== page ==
Friday, October 23, 2009

Multithreading and atomic integers

One of the challenges for programmers today is taking advantage of machines with many CPU cores. Two-core machines are so common now that odds are good that your laptop computer has two cores. Most server-class machines already have at least four cores. Machines with 16 or 32 cores are being widely deployed and it is likely that in the near future we'll see machines with considerably more. Consider that Intel demonstrated 80-core processors two years ago!

Writing applications that take full advantage of many cores is difficult. If you can write your applications such that an N-core server runs N CPU-bound processes with no interprocess communication required then you can probably keep all N cores busy. There are applications like this -- probably anything that runs on BOINC or comparable loosely coupled grid services is in this category -- but I'm more interested in applications that aren't as easily decomposed into many independent processes. Instead, let's assume we are developing applications that run as a single process with at least one thread per core and the threads must work with shared resources, in particular shared data structures in memory. Here we need various mechanisms to assure the integrity of the shared data structures.

The most common mechanism for assuring data integrity is the mutex. In POSIX there is the pthreads API, which includes functions for working with mutexes. With this API you can guard a critical section of code like this:
... // critical section here

If two or more threads attempt to execute this code simultaneously, the kernel will insure that only one thread can be executing the critical section at a time. The first thread to acquire the lock is allowed to execute the critical section, and while it holds the lock, any other thread that attempts to acquire the lock will be blocked, i.e. the scheduler will stop execution of the thread and allow some other thread that is ready to execute to continue.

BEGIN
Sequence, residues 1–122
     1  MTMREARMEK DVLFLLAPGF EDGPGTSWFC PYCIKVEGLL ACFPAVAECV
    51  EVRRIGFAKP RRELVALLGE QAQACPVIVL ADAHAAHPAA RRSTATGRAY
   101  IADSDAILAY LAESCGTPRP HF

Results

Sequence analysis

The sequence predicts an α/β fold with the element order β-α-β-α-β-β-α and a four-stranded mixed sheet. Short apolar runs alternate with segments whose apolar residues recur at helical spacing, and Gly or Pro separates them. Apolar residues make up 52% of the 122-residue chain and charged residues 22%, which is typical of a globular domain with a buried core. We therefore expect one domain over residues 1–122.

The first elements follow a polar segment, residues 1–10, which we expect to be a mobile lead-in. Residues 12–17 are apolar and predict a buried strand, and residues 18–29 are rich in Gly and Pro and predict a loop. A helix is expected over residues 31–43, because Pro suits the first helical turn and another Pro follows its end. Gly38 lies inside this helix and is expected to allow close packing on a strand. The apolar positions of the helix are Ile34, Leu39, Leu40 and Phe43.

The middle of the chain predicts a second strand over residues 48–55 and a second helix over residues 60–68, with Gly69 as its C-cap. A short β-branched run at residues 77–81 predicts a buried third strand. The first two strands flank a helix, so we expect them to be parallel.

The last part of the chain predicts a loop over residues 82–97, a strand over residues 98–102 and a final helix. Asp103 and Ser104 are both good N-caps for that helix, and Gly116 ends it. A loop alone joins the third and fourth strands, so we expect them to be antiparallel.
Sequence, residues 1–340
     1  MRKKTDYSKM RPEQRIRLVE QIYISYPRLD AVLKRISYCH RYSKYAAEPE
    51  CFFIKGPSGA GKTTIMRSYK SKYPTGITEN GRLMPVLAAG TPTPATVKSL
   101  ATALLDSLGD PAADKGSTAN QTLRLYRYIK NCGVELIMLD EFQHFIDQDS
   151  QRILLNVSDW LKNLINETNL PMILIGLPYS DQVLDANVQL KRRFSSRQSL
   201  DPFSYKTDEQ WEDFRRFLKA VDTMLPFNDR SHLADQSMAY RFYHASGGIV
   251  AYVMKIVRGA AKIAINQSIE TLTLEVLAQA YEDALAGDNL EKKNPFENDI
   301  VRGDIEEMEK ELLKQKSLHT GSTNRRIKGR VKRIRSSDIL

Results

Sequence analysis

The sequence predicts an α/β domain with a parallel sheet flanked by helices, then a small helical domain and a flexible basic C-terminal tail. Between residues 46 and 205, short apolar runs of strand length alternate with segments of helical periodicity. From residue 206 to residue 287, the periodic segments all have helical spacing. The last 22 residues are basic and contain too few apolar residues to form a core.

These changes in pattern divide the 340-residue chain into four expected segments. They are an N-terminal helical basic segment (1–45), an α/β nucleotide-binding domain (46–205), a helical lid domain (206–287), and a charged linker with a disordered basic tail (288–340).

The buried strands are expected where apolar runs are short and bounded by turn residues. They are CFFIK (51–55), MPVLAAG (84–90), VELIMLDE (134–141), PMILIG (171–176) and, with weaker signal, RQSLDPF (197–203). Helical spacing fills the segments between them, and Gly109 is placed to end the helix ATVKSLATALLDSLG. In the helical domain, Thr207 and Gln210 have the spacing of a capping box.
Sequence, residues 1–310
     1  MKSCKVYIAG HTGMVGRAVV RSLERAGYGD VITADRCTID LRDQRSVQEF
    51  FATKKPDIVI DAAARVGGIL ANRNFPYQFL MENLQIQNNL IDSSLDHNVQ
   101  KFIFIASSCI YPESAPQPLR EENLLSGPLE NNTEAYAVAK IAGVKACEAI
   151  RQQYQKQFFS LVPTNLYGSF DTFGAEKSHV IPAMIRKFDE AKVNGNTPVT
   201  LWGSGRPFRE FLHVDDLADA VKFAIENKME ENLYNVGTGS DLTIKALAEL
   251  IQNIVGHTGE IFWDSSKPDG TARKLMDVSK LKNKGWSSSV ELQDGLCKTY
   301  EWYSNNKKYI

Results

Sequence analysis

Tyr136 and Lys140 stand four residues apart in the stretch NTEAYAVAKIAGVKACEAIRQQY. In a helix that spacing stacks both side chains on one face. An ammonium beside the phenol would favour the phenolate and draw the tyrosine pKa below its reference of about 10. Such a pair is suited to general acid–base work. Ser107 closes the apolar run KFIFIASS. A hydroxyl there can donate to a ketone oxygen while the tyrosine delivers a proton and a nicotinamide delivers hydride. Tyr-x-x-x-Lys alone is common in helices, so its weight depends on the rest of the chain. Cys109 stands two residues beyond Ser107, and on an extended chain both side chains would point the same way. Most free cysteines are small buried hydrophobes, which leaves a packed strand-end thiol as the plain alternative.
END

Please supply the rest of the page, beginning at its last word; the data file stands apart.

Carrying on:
Suppose your critical section takes only on the order of a hundred CPU cycles to execute and the section is executed on the order of thousands of times per second. Let's assume the cost of acquiring an unlocked mutex is negligible, but that there will be significant contention for the mutex. Perhaps there is a 10% chance that when a thread tries to acquire the mutex it will be blocked and the kernel will do a context switch. When this is the case, the overhead introduced by the mutex can be huge. It's even possible that an application running on multiple cores might not run much faster than if it was rewritten to run single-threaded without mutexes.

Consider the case where the only operation performed in the critical section is to increment a global counter, but that counter may be incremented hundreds of thousands of times per second. In this case, the overhead of using a mutex is quite possibly unacceptable.

But perhaps you are wondering if just incrementing an integer requires any kind of synchronization? Let me just give the quick answer that if you are programming in C/C++ and only have POSIX APIs available to you, then yes, you absolutely do need a mutex. Suppose we have this function:
void foo()
extern int gCounter;

The code your compiler will generate is most likely three separate operations:
  1. Load from RAM into CPU register
  2. Increment CPU register
  3. Store from CPU register into RAM.

Suppose two threads running on 2 cores of a multicore processor both perform these operations simultaneously. What happens? We want the integer to be incremented twice, but it is entirely possible that when both threads have completed these three operations, the value in memory is only one count larger than it was before.

The problem is that the three operations are not performed atomically. It is certainly possible for a CPU designer to provide a single instruction that performs the three steps atomically (and as we'll see, they have), but such instructions will be more expensive to execute than the three primitive operations. So, modern CPUs typically provide both kinds of instructions. However, the C and C++ language definitions don't provide a standard way to access the atomic operations, and POSIX does not define an API for atomic integer operations.